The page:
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Wretch : Wretch

Wretch do everything they need to to honour their origins in The Gates Of Slumber, and add their own personal twist.

To say that Wretch's eponymous debut has a lot to live up to would be something of an understatement. Frontman and guitarist Karl Simon was the founding member of US Doom legends, The Gates of Slumber, a band that played no small part in the resurgence of the Doom genre in the 2000s. Tragically, bass player, and lifelong friend of Simon's, Jason McCash passed away in April 2014, leading to the end of the band after a career that produced 5 full length albums and a number of EPs. Now Wretch have risen from the embers of past glories to stake a claim for the future with a new band, a new album, and, lyrically, a new direction.

Fans of The Gates of Slumber will recall a heavy swords and sorcery theme in much of their work, certainly up until their final full length release, 'The Wretch'. Gone now are the references to the works of Robert E Howard or H.P. Lovecraft, in favour of themes just as dark and macabre, but rooted in firmly in the horrors of the real world. First track, 'Running out of Days', as the name suggests, deals with mortality, with the clear reference to McCash, "Sad song/sung again/The needle stole away my friend", a poignant reminder of the loss of a former friend and comrade. As sorrowful as the lyrical content is, musically 'Running out of Days' is a rollicking blast of Trad Doom with a relentless riff that gets the album off to a barnstorming start.

The death theme is further explored on 'Rest in Peace', another Trad Doom rocker with a crunching riff, but with an air of defiance, nihilism even, in the lyrics as Simon drawls "I'm on the road to nowhere/no one is my name/nothing matters to me/the ends are all the same" with obvious relish. A wild solo underpinned by a tight rhythm section adds to the swagger of this early album highlight. There is some light and shade on the album, though, and a little respite from the heavy subject matter is provided along the way with a couple of trippy instrumental numbers that add a bit of smoky, Stoner flavour amongst the Doom.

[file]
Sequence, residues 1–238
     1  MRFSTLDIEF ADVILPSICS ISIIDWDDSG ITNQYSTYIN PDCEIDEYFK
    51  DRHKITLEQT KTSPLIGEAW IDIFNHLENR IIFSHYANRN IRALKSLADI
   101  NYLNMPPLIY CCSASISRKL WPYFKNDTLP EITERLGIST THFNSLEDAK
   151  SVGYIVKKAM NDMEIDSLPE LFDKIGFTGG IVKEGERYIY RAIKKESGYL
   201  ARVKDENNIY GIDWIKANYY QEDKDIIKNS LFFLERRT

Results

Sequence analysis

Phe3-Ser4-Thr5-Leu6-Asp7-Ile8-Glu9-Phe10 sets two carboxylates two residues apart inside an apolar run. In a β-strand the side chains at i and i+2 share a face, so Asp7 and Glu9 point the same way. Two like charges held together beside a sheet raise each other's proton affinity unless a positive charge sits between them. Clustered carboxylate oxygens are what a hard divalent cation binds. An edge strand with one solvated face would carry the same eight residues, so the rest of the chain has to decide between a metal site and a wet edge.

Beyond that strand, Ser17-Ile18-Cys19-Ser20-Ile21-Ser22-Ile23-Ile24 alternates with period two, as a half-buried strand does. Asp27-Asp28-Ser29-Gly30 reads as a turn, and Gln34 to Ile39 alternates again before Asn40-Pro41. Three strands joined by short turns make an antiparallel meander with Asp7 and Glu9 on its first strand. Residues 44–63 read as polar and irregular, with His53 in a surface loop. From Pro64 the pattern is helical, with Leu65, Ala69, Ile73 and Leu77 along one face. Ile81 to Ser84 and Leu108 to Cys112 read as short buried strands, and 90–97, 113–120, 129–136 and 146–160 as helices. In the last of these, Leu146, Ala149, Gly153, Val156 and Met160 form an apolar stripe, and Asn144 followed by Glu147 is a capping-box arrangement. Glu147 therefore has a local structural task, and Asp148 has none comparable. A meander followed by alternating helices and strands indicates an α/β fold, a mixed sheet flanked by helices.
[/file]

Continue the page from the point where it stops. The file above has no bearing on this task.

Addiction and drug use are both dealt with unflinchingly, particularly on the epic 'Icebound', which, at 8 minutes long, is the longest track on the album. With references to 'powder on the glass' and the confessional "My sleep is tortured/over wasted time/drunken haze/and blind drugged haze", it's deep, down-tempo Doom from a band that have seen life and death, and survived to tell the tale. And that, more than anything, is the sense that this excellent debut from a new band with an illustrious past creates; that against the odds, a new path has been found.

The songs of the strange and the wondrous may have gone, but with this debut, Wretch have tackled demons far scarier than anything Howard or Lovecraft created, and produced a balanced, thoughtful, often sad, but always compelling and rewarding release. With some outstanding songwriting, and a real cohesion between the three parts of this Doom trio, this is a debut to remember.

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Reviewer's rating: 9/10


Tracklist :
1. Running out of Days
2. Rest in Peace
3. Bloodfinger
4. Winter
5. Icebound
6. Grey Cast Mourning
7. Drown

Duration : Approx. 33 minutes

Visit the Wretch bandpage.

Reviewed on 2017-04-30 by Nick Harkins
Aesthetic Death
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